An international gathering of designers and land managers organized by The Ian L. McHarg Center for Urbanism and Ecology took stock in large-scale ecological restoration projects underway around the world.
By Jared Brey
The Araguaia Biodiversity Corridor in Brazil is one of the world's largest reforestation projects. (Image courtesy Black Jaguar Foundation)
Ben Valks, the Araguaia Biodiversity Corridor's initiatior. (Photo Michelle Hurtubise)
The Corridor involved mapping 10.4 million hectares of land. (Image courtesy Black Jaguar Foundation)
MEGA-ECO attendees traveled from China, Pakistan, Brazil, Africa, Korea, Saudi Arabia, and Canada as well as the US. (Photo Michelle Hurtubise)
The symposium focused on global projects that attempt some kind of ecosystem restoration that stretches beyond jurisdictional boundaries. In their research, Professor of Landscape Architecture Richard Weller and Rob Levinthal, a PhD candidate in the Department of City & Regional Planning, have identified some 250 Mega-eco projects around the world. They range from the Great Green Wall Initiative to fight desertification in Africa’s Sahel region to the Upper Mississippi River Restoration Project spearheaded by the US Army Corps of Engineers. Calling such initiatives by the name “Mega-eco” is a deliberate effort to place them in a lineage with infrastructure megaprojects of the 20th century, said Weller, in introductory remarks filmed at his home in Perth, Western Australia. The symposium was devoted to exploring what makes large-scale ecological projects successful, he said.
“Despite all the doom and gloom, human beings are also demonstrating an incredible ability to self-organize and undertake these large-scale restorative works,” Weller said. “And that is a historical turning point. That’s a profoundly important and optimistic moment in history, I think.”
The symposium was split into four sessions focused on connectivity, anti-desertification, watersheds, and metropolitan projects, with a panel discussion following each session. Even in the context of other large-scale undertakings, two projects on two different continents stood out for sheer ambition and progress to date.
In the anti-desertification panel, Levinthal introduced Elvis Paul Nfor Tangem, coordinator of the Great Green Wall Initiative, which Levinthal described as “maybe the most important thing that’s happening in the world.” The multi-pronged project aims to improve living conditions for people and the health of ecosystems, along a band across the African continent while advocating for more resources in areas at risk of encroachment from the Sahara Desert, Tangem said. Its name is ultimately “a metaphor,” Tangem said, that involves a string of land-restoration and greening efforts in desert-adjacent areas.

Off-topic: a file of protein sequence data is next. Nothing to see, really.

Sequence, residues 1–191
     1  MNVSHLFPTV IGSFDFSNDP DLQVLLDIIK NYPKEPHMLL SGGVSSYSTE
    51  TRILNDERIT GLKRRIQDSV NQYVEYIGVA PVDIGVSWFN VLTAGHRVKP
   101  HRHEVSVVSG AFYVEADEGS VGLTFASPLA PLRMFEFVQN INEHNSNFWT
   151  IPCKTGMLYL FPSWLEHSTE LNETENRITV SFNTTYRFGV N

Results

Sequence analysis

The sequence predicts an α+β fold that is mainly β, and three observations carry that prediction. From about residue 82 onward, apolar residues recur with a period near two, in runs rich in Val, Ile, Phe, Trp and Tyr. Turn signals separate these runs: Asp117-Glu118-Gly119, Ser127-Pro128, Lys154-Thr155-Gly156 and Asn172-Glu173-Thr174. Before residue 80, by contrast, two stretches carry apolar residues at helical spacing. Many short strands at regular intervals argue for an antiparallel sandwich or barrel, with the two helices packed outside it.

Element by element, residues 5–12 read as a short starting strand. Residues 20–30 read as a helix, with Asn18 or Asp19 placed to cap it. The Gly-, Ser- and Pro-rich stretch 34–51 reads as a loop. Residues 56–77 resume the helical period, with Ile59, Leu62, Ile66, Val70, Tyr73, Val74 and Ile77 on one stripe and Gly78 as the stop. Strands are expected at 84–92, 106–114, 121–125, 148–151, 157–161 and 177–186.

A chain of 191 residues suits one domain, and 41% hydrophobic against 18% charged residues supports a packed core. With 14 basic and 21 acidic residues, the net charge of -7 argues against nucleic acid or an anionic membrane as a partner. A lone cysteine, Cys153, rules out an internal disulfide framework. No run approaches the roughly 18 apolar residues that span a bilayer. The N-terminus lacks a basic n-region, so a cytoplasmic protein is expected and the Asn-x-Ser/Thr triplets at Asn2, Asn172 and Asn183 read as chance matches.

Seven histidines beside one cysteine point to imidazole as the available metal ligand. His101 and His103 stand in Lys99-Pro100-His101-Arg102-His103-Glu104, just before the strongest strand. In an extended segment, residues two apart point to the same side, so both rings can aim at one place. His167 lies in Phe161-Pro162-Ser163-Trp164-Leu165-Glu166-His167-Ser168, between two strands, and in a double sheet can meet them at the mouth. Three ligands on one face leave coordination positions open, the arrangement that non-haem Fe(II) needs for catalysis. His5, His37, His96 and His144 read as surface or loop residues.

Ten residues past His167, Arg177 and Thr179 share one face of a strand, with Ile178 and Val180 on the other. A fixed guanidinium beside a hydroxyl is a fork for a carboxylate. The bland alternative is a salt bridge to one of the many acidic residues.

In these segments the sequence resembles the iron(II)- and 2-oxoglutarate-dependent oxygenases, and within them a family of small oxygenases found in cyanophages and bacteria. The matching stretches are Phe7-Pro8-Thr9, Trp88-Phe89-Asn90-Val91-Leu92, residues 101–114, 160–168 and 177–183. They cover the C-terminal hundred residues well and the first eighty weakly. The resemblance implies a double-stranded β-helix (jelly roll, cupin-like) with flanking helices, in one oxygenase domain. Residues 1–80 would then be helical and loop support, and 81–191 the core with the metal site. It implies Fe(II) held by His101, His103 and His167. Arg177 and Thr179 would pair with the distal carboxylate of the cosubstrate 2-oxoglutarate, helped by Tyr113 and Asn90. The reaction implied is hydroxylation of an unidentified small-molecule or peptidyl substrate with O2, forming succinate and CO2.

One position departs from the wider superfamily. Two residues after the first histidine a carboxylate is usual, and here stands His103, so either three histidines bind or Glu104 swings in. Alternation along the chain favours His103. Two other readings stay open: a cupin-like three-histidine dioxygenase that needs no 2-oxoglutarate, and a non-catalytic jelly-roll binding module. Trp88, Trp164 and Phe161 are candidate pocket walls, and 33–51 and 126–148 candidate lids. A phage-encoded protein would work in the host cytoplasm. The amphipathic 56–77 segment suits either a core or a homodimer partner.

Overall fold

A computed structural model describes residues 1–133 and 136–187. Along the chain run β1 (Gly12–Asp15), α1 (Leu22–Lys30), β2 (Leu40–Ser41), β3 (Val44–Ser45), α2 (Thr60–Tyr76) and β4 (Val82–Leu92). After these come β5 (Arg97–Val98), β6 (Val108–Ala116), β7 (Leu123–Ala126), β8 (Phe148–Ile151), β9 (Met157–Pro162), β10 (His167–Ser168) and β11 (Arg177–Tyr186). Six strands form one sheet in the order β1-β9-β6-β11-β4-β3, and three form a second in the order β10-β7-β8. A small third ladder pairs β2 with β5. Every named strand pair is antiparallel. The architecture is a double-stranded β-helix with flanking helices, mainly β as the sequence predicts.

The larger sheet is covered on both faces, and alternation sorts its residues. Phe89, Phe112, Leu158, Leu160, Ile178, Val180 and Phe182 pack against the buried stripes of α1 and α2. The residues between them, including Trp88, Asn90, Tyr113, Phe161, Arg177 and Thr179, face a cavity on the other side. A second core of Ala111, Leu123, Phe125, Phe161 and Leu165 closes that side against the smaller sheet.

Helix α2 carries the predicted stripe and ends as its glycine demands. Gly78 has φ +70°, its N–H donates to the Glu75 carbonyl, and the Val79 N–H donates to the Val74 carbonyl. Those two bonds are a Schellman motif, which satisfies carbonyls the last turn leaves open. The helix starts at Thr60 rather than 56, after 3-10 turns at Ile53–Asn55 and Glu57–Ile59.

“You can’t try to transform the Sahara. So we are focusing on lands that can be transformed,” he said.
The project is “involved in every aspect of human life,” Tangem said. It’s focused not just on land but on whole ecosystems, centered on human communities. It has provided people with alternate fuels in efforts to keep them from cutting down trees, supported carbon sequestration and job growth, established thousands of kilometers of windbreaks, and produced billions of plants and seeds.
“The people should be at the center of everything we are doing. If you forget about the people, the project dies,” Tangem said. “The people, the culture, their immediate needs, their long-term needs, should never be forgotten.”
Ben Valks, founder of the Araguaia Biodiversity Corridor in Brazil, presented during the panel on watersheds. The project is focused on restoring lands in a corridor 2,600 kilometers long, the distance from Boston to Miami, Valks said. The project grew out of a personal mission to see a black jaguar in the wild, which took him on trips as long as five months in the forests of the Amazon. Over 22 trips, he never spotted a black jaguar, but says he personally witnessed the vast degradation of Brazilian ecosystems.
“Human beings are also demonstrating an incredible ability to self-organize and undertake these large-scale restorative works,” said Weitzman's Richard Weller.
“It’s long, but compared to the Great Green Wall, now I feel a bit more relaxed,” he joked.
It’s not about rewilding every inch of the corridor, but about protecting and promoting biodiversity on degraded lands, particularly agricultural areas. The project involved mapping 10.4 million hectares of land—“homework number one,” Valks said. The second aspect of the research was an economic impact study which identified the costs and benefits of restoring land. The initiative is built on partnerships with soy farmers and small landowners, to support planting and water restoration while supporting agricultural activities. It seeks to restore one million hectares of private land.
“This project sets an example that farming and nature can really go hand in hand,” he said.
Climate change, and the urgency to respond to and plan for its consequences, form the background for the symposium, said Associate Professor of Practice in Landscape Architecture and Architecture Matthijs Bouw in closing remarks. Mega-eco projects are at their most promising when they’re rooted in partnerships with big institutions and local interests, he said. While Mega-eco projects are defined by their vast scale, it’s vital that they produce outcomes that can be championed and carried forward by the smallest units of community.
“These impacts, economic impacts, need to fall locally. That is important; that’s what’s going to sustain this,” Bouw said. “We really need to invest along the entire value chain—how we can make sure that economic benefits and ecosystem services benefit the local population who needs to buy into this. And not only buy into this, but have the agency to shape these projects.”